Cite This Page:

Children's Hospital of Eastern Ontario Research Institute. "Secure protocol for medical data disclosure developed." ScienceDaily. ScienceDaily, 17 May 2011. <www.sciencedaily.com/releases/2011/05/110517110319.htm>.
Children's Hospital of Eastern Ontario Research Institute. (2011, May 17). Secure protocol for medical data disclosure developed. ScienceDaily. Retrieved July 23, 2014 from www.sciencedaily.com/releases/2011/05/110517110319.htm
Children's Hospital of Eastern Ontario Research Institute. "Secure protocol for medical data disclosure developed." ScienceDaily. www.sciencedaily.com/releases/2011/05/110517110319.htm (accessed July 23, 2014).

Share This




More Health & Medicine News

Wednesday, July 23, 2014

Featured Research

from universities, journals, and other organizations


Featured Videos

from AP, Reuters, AFP, and other news services

Courts Conflicted Over Healthcare Law

Courts Conflicted Over Healthcare Law

AP (July 22, 2014) Two federal appeals courts issued conflicting rulings Tuesday on the legality of the federally-run healthcare exchange that operates in 36 states. (July 22) Video provided by AP
Powered by NewsLook.com
Why Do People Believe We Only Use 10 Percent Of Our Brains?

Why Do People Believe We Only Use 10 Percent Of Our Brains?

Newsy (July 22, 2014) The new sci-fi thriller "Lucy" is making people question whether we really use all our brainpower. But, as scientists have insisted for years, we do. Video provided by Newsy
Powered by NewsLook.com
Scientists Find New Way To Make Human Platelets

Scientists Find New Way To Make Human Platelets

Newsy (July 22, 2014) Boston scientists have discovered a new way to create fully functioning human platelets using a bioreactor and human stem cells. Video provided by Newsy
Powered by NewsLook.com
Gilead's $1000-a-Pill Drug Could Cure Hep C in HIV-Positive People

Gilead's $1000-a-Pill Drug Could Cure Hep C in HIV-Positive People

TheStreet (July 21, 2014) New research shows Gilead Science's drug Sovaldi helps in curing hepatitis C in those who suffer from HIV. In a medical study, the combination of Gilead's Hep C drug with anti-viral drug Ribavirin cured 76% of HIV-positive patients suffering from the most common hepatitis C strain. Hepatitis C and related complications have been a top cause of death in HIV-positive patients. Typical medication used to treat the disease, including interferon proteins, tended to react badly with HIV drugs. However, Sovaldi's %1,000-a-pill price tag could limit the number of patients able to access the treatment. TheStreet's Keris Lahiff reports from New York. Video provided by TheStreet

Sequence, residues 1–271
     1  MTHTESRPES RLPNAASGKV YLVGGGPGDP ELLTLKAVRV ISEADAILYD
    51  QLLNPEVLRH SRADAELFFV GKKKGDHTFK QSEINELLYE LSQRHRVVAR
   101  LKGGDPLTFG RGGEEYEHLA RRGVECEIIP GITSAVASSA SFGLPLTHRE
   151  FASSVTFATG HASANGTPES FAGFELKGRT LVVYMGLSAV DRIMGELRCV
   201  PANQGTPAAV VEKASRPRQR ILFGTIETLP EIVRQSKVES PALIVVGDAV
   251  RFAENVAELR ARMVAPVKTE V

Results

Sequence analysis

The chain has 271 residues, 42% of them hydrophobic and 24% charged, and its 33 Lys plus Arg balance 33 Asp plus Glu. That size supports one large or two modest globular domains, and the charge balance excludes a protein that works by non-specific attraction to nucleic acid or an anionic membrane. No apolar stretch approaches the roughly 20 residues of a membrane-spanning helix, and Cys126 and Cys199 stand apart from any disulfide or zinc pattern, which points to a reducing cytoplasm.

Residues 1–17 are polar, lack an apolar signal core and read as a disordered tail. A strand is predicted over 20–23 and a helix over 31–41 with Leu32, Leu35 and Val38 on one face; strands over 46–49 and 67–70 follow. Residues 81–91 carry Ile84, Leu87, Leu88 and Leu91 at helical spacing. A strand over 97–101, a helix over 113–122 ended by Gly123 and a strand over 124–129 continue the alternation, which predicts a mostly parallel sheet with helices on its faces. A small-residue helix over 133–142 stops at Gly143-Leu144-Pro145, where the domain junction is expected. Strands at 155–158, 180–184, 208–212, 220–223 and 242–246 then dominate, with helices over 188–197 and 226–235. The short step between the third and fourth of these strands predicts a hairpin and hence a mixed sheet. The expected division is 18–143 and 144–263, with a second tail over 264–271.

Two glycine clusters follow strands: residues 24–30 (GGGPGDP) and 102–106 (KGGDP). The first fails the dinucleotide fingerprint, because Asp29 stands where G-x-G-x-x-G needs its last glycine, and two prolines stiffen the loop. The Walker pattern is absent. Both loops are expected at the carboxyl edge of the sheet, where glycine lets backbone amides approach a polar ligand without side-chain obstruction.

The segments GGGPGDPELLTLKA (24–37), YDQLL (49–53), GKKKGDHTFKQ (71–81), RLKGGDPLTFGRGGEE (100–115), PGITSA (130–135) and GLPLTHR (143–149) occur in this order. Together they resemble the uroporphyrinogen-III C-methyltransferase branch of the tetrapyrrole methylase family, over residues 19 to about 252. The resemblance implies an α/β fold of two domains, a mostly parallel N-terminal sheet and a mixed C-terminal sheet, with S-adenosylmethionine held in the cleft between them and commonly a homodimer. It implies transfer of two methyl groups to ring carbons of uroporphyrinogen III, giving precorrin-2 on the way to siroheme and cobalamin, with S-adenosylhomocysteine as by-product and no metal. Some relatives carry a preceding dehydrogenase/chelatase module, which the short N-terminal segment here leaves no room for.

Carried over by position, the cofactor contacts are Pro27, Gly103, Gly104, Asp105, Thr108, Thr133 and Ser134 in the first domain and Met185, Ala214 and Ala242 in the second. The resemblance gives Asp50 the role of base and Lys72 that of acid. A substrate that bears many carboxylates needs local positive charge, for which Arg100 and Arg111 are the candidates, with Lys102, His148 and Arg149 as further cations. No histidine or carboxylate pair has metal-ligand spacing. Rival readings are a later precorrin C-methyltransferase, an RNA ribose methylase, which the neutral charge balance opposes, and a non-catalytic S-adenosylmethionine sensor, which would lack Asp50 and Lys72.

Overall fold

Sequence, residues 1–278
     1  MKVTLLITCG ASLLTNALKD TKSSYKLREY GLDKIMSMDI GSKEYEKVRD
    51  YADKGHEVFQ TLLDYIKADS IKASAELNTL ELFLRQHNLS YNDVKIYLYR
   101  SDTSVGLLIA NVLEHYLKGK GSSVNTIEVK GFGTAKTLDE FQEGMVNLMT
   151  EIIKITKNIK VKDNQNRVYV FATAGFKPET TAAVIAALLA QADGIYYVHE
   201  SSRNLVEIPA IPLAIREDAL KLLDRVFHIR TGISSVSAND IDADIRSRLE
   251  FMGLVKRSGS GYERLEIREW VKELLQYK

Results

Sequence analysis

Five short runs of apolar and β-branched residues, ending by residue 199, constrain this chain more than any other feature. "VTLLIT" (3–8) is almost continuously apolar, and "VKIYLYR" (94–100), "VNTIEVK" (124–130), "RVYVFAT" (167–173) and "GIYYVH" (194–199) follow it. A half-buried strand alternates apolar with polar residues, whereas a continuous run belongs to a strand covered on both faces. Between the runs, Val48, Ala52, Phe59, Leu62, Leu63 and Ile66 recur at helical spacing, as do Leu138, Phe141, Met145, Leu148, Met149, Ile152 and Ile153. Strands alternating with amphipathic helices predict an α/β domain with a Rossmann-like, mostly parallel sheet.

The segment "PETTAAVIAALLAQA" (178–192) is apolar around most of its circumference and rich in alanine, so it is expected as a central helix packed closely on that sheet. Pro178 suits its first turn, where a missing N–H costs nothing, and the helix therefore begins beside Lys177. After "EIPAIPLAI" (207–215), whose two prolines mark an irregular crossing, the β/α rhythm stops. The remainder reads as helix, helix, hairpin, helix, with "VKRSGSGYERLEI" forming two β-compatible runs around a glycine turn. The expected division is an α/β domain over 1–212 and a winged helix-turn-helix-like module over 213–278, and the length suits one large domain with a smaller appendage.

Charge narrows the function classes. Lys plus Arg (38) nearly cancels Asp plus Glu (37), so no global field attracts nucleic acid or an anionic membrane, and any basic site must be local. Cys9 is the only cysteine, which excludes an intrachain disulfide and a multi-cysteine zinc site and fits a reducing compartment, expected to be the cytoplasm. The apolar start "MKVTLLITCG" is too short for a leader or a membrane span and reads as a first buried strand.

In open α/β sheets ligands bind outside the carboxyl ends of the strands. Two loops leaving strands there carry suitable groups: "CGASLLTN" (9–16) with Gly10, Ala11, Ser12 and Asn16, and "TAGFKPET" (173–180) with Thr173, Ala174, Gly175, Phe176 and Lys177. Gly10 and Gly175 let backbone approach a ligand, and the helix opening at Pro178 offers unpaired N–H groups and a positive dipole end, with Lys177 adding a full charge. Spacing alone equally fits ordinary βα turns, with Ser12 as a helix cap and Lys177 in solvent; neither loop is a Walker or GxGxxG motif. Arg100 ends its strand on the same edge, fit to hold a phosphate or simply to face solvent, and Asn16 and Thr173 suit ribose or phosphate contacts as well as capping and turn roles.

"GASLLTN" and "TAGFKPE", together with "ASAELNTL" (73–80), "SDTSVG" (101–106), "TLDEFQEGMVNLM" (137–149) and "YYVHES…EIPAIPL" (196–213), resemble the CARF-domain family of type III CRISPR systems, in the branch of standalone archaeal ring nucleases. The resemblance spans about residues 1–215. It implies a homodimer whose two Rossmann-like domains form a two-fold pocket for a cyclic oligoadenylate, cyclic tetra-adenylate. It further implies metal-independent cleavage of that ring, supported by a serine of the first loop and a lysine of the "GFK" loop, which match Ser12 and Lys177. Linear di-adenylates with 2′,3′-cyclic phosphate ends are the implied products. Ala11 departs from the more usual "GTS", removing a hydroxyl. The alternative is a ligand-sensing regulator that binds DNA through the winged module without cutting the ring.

Powered by NewsLook.com

Search ScienceDaily

Number of stories in archives: 140,361

Find with keyword(s):
Enter a keyword or phrase to search ScienceDaily for related topics and research stories.

Save/Print:
Share:

Breaking News:
from the past week

In Other News

... from NewsDaily.com

Science News

Health News

Environment News

Technology News



Save/Print:
Share:

Free Subscriptions


Get the latest science news with ScienceDaily's free email newsletters, updated daily and weekly. Or view hourly updated newsfeeds in your RSS reader:

Get Social & Mobile


Keep up to date with the latest news from ScienceDaily via social networks and mobile apps:

Have Feedback?


Tell us what you think of ScienceDaily -- we welcome both positive and negative comments. Have any problems using the site? Questions?
Mobile: iPhone Android Web
Follow: Facebook Twitter Google+
Subscribe: RSS Feeds Email Newsletters
Latest Headlines Health & Medicine Mind & Brain Space & Time Matter & Energy Computers & Math Plants & Animals Earth & Climate Fossils & Ruins